LAST week’s curiosity appears to have stumped readers, and not surprisingly, too.

Who would have guessed the tool, pictured below, would be linked to the way we - at least our descendants - enjoyed listening to music in their leisure time?

It certainly gives the appearance of some device used in precision work, but few would realise it would have such a simple use.

Bill Rhodes, who sent us in the photograph, tells us: “The object is a miniature lathe for sharpening thorn needles.

“In the days of 78 gramophones some people thought that the steel needles gave too harsh a tone.

“Various alternatives were tried but the most successful was a thorn from a particular type of cactus.

“The problem was that they blunted quickly.

“With this device the needle is inserted in the chuck in front of the emery disc.

“Turning the knob on the back of the disc rotates the disc. It also spins the chuck, sharpening the needle.”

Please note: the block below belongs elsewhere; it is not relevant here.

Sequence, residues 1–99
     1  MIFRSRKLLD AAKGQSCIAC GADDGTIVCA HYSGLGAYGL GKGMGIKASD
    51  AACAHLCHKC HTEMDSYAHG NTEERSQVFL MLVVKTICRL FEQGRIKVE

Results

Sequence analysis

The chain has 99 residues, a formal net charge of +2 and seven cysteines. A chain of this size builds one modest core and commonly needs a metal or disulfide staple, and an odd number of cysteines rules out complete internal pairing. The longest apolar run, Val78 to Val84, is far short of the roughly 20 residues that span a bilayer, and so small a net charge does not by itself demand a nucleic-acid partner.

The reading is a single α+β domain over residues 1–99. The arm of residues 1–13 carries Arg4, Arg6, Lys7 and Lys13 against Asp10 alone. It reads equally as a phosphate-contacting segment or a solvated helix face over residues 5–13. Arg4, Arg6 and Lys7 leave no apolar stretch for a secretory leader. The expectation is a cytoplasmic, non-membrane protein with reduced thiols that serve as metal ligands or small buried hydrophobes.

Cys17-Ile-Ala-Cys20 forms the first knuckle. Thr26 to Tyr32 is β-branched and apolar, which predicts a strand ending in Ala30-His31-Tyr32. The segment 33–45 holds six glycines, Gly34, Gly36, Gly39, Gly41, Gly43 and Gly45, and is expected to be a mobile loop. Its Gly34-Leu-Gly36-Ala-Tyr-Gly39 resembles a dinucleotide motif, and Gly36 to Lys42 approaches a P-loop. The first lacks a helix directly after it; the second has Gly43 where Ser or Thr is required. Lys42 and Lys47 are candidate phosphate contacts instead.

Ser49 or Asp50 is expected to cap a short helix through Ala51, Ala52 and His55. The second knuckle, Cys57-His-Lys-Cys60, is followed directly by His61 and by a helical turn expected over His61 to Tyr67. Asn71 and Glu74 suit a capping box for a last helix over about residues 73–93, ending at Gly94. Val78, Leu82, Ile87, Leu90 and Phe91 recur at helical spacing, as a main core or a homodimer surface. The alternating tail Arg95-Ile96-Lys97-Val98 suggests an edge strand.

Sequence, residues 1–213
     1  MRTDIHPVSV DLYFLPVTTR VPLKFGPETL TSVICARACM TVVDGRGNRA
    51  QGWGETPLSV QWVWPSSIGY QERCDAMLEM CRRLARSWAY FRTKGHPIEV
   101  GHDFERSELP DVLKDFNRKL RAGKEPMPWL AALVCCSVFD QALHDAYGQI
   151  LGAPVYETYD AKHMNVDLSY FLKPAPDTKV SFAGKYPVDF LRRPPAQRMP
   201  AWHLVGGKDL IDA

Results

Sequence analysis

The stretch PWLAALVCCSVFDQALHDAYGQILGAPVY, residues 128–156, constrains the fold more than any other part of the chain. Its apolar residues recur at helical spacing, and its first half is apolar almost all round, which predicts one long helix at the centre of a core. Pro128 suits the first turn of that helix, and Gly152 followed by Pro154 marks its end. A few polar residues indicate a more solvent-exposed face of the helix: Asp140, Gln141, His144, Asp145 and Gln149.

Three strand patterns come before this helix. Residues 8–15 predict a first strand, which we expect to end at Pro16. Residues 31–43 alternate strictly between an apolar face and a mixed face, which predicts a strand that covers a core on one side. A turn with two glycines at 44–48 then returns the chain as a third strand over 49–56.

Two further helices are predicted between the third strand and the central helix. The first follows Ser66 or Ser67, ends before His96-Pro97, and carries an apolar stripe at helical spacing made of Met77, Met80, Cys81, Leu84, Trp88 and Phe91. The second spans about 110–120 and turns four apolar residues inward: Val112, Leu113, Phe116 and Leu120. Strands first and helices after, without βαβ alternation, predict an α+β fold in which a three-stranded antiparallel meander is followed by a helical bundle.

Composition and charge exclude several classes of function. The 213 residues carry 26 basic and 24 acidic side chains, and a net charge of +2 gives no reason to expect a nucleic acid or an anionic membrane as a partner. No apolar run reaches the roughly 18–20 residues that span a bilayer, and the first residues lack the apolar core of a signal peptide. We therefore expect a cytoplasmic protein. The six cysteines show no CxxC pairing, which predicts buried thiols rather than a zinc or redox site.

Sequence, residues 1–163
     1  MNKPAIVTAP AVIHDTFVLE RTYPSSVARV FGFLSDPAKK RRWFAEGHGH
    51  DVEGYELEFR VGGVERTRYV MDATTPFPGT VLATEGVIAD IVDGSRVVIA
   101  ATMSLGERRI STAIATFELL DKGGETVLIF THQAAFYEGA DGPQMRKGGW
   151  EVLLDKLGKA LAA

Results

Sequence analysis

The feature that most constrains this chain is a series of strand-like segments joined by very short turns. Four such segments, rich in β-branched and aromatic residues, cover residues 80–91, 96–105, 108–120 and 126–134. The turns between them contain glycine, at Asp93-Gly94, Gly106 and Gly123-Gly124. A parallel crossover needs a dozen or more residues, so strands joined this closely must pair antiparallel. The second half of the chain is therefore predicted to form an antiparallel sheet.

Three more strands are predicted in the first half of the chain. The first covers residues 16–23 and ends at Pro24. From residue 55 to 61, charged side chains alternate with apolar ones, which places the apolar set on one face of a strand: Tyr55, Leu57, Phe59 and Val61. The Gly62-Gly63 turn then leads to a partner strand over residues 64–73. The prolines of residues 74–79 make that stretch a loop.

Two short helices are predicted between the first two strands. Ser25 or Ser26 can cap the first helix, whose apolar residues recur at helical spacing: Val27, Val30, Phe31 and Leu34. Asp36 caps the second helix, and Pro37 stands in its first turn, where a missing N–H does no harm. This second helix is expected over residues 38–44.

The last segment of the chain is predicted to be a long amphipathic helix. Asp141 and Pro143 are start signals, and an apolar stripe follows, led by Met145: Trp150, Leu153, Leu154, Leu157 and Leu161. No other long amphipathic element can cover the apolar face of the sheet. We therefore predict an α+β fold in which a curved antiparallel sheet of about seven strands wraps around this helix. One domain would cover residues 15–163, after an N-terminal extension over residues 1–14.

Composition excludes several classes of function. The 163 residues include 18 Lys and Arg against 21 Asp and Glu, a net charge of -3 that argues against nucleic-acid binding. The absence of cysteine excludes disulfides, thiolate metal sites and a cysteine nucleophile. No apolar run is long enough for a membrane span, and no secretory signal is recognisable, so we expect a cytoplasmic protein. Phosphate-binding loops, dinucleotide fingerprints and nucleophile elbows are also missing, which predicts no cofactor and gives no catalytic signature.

How many people would have owned such a luxury is not known, but we are guessing it is a fairly rare item and something to treasure from yesteryear. A curiosity, indeed.

This week’s curiosity - top picture - will be familiar to lots of people and was found in a Yorkshire garden.

Clearnly the item is not intact, but there is enough of it to see the design. Many will have seen the more plain examples unearthed, so it is good to see one where some artistry has gone into its making.

A pair of tweezers offers an example of its size. Does anyone remember seeing anyone use these in the distant past?

Let us know. Send your suggestions by 8am on Monday to: